A seller will provide you with a Property Sellers Disclosure when you are purchasing a home. However, as a buyer you do not want to rely completely on the Property Seller Disclosure statement.
In your excitement to buy a home, it is easy to miss a small crack in the foundation, some leaky pipes under the house, or a roof that needs replaced. The sellers work hard to make the home look as desirable as possible but looks don't tell the whole story. That's where your home inspection comes in.
Your home purchase is one of the biggest investments of your life, and it's important to know exactly what your buying. The best way to ensure this is through a professional home inspection.
Types of Inspections
1. Home/Property Inspection - Inspection is done of the Property's structural componets. The inspection would include items below however, speak with your Realtor and Home Inspector to sure exactly what you are having inspected.
Keep in mind that an inspector is not a specialist in each of these areas. If during the inspection if he/she sees something of concern, he/she may recommend having an additional inspection. For example, the inspector may find a cracked heat exchanger in the furnace and may recommend that the furnace be inspected by a HVAC person for verification.
2. Wood Infestation - Inspection of the property for wood-destroying insect infestation (ex. carpenter ants, termites, carpenter bees). Remember that it will be the buyer's responsibility to request treatment or repairs if needed.
3. Radon - Radon is a radioactive gas produced in the ground by the natural decay of radium and uranium. Extended exposure to high levels of radon can pose serious health risks. If radon gas has been detected on the property through past testing the seller must disclose this information. It is recommended that if a home has a radon level of 4 pCi/L or more, that you should consult a qualified mitagator to estimate the cost of upgrading to an active system by adding a vent fan to reduce the radon level. For more information on radon, read "A Citizen's Guide to Radon".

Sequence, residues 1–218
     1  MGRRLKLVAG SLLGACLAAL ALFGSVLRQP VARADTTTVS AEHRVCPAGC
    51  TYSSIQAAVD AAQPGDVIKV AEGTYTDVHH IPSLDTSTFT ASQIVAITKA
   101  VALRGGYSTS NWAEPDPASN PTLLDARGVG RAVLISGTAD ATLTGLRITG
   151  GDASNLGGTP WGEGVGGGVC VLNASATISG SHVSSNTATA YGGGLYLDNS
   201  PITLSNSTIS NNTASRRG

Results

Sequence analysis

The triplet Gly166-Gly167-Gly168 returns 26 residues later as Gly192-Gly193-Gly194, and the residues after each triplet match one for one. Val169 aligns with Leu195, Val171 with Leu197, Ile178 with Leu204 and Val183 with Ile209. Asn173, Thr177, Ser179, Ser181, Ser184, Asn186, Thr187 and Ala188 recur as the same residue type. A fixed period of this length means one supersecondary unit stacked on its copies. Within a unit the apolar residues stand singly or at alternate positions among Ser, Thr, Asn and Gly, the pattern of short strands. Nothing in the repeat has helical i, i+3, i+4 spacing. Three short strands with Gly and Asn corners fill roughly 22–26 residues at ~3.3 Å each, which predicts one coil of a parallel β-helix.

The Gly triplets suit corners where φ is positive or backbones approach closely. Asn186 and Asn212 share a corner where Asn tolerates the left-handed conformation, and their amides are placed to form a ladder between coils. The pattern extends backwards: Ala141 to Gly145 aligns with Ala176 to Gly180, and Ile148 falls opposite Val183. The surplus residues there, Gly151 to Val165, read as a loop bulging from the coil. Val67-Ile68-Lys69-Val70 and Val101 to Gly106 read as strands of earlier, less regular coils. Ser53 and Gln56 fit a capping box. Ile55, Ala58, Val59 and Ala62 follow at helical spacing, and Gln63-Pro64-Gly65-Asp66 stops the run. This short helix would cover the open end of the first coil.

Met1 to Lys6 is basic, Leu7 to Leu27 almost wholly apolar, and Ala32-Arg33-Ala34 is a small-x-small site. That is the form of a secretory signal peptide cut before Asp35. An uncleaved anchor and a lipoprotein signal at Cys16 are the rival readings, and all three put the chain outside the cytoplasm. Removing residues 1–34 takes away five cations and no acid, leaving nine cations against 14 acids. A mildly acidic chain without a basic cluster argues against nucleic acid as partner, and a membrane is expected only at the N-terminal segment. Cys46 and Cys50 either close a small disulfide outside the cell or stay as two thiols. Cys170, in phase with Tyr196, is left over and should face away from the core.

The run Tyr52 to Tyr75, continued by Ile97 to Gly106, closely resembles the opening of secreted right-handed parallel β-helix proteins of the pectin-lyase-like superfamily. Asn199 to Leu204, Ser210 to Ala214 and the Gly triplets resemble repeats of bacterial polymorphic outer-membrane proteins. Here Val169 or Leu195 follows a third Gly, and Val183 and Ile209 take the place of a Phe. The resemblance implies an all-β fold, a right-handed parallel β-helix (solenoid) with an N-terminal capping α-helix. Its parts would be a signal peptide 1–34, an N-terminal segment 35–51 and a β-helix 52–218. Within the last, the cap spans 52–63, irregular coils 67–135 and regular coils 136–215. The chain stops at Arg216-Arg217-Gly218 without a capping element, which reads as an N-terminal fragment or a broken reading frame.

4. Water Service - If buyers are concerned about the status of the water system serving the property, they should inspect the system. Buyers tend to be most concerned with on-site systems, usually private wells. Speak with a testing company about what types of tests are available and what contaminants it can detect. Buyers also may want to have an inspector test the flow rate of the well, along with the physical structure of the well and its components. It is not as common, however some buyers may choose to have testing done on a property that uses public water. By having it tested, it could determine if there are problems with the system within the home or with the pipes leading to the home off the main water line, which are often the owner's responsibility.
5. On-Lot Sewage - Some buyers wish to have the on-lot sewage such as a septic system tested to determine the condition of the on-site sewage disposal system. It is a good idea to have the sewage disposal system inspected unless current date and/or documentation is available to verify the current status of the system.
6. Lead-Based Paint Hazards - As a buyer, you have the right to carry out an inspection risk assessment and/or inspection for the presense of lead-based paint and lead-based paint hazards. When purchasing your home, you should receive a pamphlet titled Protect Your Family From Lead in Your Home and a disclosure from the seller about the seller's knowledge of the lead-based pain on the property if the property was build prior to 1978.
For more information on inspections, be sure to speak to your Realtor and also review your options available on your sales agreement.
REMEMBER: Hiring a home inspector DOES NOT guarantee that everything will be perfect with the property, or that the inspector will always discover all the problems with the property.